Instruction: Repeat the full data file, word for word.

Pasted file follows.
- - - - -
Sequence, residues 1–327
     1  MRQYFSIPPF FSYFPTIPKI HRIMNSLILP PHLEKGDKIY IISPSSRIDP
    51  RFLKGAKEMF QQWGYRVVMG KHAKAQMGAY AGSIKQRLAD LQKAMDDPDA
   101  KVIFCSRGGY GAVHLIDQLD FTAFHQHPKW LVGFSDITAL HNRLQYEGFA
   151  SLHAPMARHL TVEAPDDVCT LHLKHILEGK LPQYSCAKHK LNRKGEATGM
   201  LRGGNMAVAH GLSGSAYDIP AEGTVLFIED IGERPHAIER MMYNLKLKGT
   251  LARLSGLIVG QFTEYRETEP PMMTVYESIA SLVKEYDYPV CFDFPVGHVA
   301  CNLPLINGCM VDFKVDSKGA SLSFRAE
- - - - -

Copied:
Sequence, residues 1–327
     1  MRQYFSIPPF FSYFPTIPKI HRIMNSLILP PHLEKGDKIY IISPSSRIDP
    51  RFLKGAKEMF QQWGYRVVMG KHAKAQMGAY AGSIKQRLAD LQKAMDDPDA
   101  KVIFCSRGGY GAVHLIDQLD FTAFHQHPKW LVGFSDITAL HNRLQYEGFA
   151  SLHAPMARHL TVEAPDDVCT LHLKHILEGK LPQYSCAKHK LNRKGEATGM
   201  LRGGNMAVAH GLSGSAYDIP AEGTVLFIED IGERPHAIER MMYNLKLKGT
   251  LARLSGLIVG QFTEYRETEP PMMTVYESIA SLVKEYDYPV CFDFPVGHVA
   301  CNLPLINGCM VDFKVDSKGA SLSFRAE